Writer and Director: Lucy Bird
Reviewer: Selwyn Knight
By many measures, Kate is successful. She holds her own in an extremely competitive male-dominated office, doing her best to fit in, working long hours and swearing like a trooper – she’s even Johnno’s Best Man. But Kate is also socially inept and lonely; she might have it all professionally, but personally, her life is lacking something, hence her guilty pleasure – watching RomComs on DVD alone in her flat. Dave in HR tries to help – he mentors her and tries to remove the prickles in her attitude that are blocking promotion prospects; he even buys her a self-help book. But when you can’t love yourself, how can you expect that special someone to love you?
When she awakes, hungover, in the office after Johnno’s engagement party, she finds the guys have played a cruel joke. They have given her a blow-up boyfriend – a lifesize plastic inflatable doll. With no-one she feels she can be herself with, be vulnerable with, the doll becomes her confessor. Then, remarkably, it comes to life, apparently with a mission to help Kate confront her demons. It finds her cache of RomComs from which it learns all it needs to know about romance in the modern world. But just how far can you go in a relationship with something made of plastic and air? And will the fragile bubble of Kate’s emerging self-esteem be pricked?
Me and My Doll has been a beneficiary of the Old Joint Stock Open Doors project that seeks to support local theatremakers, and it forms a fine testimonial to that programme. It’s also part of the Old Joint Stock’s response to Women’s History Month, in which it is programming pieces with women in the creative driving seat. While all this might sound terribly worthy, in fact, Me and My Doll is entertaining and funny whilst simultaneously posing hard questions about why we behave as we do. Paperback Theatre, the young company behind Me and My Doll says that its mission is to create entertaining and provocative work; Me and My Doll succeeds in that aspiration.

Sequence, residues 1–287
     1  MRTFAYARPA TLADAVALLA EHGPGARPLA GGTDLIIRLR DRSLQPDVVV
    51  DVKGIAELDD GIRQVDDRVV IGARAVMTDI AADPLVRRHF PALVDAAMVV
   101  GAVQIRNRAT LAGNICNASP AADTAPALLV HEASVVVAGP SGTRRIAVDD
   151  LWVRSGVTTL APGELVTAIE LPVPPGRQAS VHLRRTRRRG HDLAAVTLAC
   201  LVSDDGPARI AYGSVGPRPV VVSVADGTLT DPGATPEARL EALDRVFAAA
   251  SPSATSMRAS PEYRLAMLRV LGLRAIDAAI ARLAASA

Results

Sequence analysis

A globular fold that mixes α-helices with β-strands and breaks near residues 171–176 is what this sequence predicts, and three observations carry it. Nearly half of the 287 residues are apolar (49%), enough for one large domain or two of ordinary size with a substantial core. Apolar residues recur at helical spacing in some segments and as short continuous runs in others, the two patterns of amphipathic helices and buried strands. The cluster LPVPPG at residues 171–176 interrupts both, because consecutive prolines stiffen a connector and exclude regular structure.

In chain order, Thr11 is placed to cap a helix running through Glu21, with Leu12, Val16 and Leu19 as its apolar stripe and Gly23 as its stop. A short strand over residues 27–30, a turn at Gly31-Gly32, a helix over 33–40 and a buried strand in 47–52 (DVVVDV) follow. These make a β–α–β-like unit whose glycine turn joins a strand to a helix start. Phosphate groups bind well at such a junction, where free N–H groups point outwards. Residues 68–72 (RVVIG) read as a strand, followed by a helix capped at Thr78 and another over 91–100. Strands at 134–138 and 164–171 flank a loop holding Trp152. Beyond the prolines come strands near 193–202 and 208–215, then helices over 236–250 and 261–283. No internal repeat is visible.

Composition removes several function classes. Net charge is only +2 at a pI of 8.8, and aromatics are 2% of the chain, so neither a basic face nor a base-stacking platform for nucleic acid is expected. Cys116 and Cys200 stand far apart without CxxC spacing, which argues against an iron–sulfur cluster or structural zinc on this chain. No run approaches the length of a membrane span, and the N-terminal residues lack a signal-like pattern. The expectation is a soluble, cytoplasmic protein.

Writer and director, Lucy Bird, has crafted a tight 80 minutes of comedy and drama in which the concept of a doll coming to life seems totally natural. One question that is inevitably begged is the extent to which the doll’s animation is a figment of Kate’s imagination and Bird has sensibly ensured that that question remains ambiguous and unanswered. Rachel Baker brings us Kate, full of bluster with a hard carapace but one that, like the shell of an egg, is easily cracked. Baker has the most mobile face so that Kate’s emotions are always on show – to us at any rate – and her physicality, for example, when demonstrating her dad-dancing ‘skills’, is a joy to watch. Thomas Bulpett brings us the doll with plenty of confusion about how he should act and react to Kate based on his RomCom education and background as a, well, doll. He also brings the doll to physical life in his awkward movements, although that is hard to maintain in every situation the doll finds itself in.
Overall, a highly entertaining piece that can be enjoyed on several levels and that will undoubtedly generate discussion after the curtain falls. A fine piece of fringe theatre that deserves to be seen and enjoyed.
Runs Until 2 March 2018 | Image: Neil Reading